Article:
May 19, 2005

RON BAILEY looks at some promising new Korean research and says we've entered the age of therapeutic cloning. Sounds good to me. Here's more from the Financial Times:

Scientists have cloned embryos for the first time from patients with serious diseases and injuries. The research at Seoul National University in South Korea demonstrates the principle of “therapeutic cloning” producing stem cells genetically identical to the patient, which could repair any damaged or diseased tissue.

Hwang Woo-suk, the study leader, called it “a giant step forward towards the day when some of mankind's most devastating diseases and injuries can be effectively treated through the use of therapeutic stem cells”.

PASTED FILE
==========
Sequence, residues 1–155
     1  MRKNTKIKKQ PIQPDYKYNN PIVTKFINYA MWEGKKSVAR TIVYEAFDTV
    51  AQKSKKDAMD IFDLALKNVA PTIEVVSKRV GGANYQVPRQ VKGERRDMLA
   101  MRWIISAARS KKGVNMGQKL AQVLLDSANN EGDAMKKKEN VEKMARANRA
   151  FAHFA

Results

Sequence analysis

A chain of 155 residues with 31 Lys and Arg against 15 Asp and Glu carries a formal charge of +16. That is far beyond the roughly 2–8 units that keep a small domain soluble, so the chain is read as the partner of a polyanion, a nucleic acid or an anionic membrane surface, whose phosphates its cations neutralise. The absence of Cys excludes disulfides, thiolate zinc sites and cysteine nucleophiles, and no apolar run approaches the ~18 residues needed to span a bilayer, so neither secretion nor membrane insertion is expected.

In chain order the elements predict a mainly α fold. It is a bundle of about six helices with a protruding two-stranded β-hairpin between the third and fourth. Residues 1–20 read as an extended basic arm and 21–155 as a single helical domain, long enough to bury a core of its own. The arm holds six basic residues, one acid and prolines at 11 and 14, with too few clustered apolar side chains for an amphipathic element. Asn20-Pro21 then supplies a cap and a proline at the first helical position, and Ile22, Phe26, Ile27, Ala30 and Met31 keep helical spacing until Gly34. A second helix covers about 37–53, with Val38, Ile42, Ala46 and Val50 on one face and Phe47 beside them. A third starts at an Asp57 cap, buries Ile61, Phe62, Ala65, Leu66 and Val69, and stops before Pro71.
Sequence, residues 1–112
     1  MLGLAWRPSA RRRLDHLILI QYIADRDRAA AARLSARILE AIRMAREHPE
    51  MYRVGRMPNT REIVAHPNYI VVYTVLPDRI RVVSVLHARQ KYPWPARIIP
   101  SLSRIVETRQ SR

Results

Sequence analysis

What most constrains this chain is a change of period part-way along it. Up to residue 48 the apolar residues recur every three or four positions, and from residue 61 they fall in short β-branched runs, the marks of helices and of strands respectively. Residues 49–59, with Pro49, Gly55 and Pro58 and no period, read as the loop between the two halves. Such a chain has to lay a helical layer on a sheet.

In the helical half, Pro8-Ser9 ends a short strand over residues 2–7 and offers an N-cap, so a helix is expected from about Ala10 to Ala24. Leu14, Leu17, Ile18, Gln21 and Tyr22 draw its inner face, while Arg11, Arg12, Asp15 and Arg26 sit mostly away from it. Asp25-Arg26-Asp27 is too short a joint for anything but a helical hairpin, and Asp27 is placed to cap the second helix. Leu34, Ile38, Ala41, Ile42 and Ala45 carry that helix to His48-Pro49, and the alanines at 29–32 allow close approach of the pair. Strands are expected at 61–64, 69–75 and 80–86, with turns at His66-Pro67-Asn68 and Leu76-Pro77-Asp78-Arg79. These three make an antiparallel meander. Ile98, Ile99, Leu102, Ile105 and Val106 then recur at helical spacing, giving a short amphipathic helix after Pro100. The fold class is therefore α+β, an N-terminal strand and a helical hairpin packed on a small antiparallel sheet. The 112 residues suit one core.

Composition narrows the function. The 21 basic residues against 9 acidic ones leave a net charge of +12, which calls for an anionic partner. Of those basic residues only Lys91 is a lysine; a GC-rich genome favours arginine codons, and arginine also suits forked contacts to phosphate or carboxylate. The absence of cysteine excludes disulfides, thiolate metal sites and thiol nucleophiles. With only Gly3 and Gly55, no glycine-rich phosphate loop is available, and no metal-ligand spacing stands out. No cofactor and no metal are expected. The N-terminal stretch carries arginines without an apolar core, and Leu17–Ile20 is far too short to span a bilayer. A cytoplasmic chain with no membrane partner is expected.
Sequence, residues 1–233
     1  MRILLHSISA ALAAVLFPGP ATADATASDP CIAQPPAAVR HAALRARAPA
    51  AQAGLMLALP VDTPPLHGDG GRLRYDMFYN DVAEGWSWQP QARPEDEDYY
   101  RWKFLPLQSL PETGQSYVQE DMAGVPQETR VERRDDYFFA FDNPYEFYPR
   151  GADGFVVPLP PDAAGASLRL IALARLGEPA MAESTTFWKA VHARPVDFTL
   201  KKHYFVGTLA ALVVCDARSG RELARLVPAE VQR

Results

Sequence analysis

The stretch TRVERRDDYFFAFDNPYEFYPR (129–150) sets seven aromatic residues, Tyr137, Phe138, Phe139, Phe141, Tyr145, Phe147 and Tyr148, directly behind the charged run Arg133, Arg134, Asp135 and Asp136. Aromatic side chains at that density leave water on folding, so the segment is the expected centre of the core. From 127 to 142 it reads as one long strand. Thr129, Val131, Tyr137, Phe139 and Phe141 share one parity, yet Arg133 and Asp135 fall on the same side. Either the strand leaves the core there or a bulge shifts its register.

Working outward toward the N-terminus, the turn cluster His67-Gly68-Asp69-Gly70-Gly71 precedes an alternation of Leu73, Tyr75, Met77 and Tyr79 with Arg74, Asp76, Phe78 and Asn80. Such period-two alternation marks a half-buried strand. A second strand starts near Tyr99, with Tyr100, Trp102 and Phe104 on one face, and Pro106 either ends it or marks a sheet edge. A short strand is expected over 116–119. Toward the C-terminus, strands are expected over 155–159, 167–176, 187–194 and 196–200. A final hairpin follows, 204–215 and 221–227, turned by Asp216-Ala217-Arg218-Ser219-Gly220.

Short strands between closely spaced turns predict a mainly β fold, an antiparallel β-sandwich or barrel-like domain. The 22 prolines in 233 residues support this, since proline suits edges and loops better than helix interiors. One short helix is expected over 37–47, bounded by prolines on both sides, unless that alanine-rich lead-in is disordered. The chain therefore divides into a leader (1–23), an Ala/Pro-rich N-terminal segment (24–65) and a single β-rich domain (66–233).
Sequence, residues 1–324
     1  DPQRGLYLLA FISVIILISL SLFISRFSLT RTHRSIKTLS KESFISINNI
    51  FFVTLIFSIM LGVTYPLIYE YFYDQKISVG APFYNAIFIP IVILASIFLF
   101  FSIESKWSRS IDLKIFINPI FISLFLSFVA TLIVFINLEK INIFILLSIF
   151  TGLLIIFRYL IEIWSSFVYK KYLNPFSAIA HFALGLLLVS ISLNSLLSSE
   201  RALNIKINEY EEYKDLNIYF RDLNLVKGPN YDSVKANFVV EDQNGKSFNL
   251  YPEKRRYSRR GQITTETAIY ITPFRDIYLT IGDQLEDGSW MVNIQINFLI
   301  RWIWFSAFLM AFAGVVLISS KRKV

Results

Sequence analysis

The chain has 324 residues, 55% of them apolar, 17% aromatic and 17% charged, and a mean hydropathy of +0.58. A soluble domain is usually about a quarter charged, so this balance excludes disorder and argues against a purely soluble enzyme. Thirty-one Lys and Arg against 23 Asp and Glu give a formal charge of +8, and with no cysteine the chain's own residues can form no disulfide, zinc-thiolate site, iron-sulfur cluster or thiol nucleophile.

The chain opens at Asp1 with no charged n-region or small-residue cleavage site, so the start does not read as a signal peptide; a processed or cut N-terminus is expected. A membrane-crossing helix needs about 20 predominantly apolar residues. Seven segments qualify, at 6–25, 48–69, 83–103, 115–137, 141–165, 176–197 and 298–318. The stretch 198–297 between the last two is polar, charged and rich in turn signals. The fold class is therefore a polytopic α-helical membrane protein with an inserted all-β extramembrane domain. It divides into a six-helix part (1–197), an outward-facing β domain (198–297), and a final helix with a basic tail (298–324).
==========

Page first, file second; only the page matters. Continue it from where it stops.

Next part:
As Bailey notes:

The House of Representatives has twice voted to criminalize precisely this research, proposing to toss therapeutic cloning researchers into prison for up to ten years and fine them one million dollars. In fact, if this effort to criminalize research on cloned human stem cells were to succeed, Americans who go abroad to seek cloned stem cell treatments, say, to cure their diabetes, could be jailed for up to ten years for illegally "importing" cloned stem cells. The Bush Administration was also pushing the United Nations to adopt a treaty to outlaw both cloning to produce transplants and reproductive cloning.

The Bush Administration is wrong on this, and they're likely to get politically steamrollered if they make a fight of it, once people realize that they, or their family, are at risk of dying from otherwise curable diseases if this kind of legislation passes.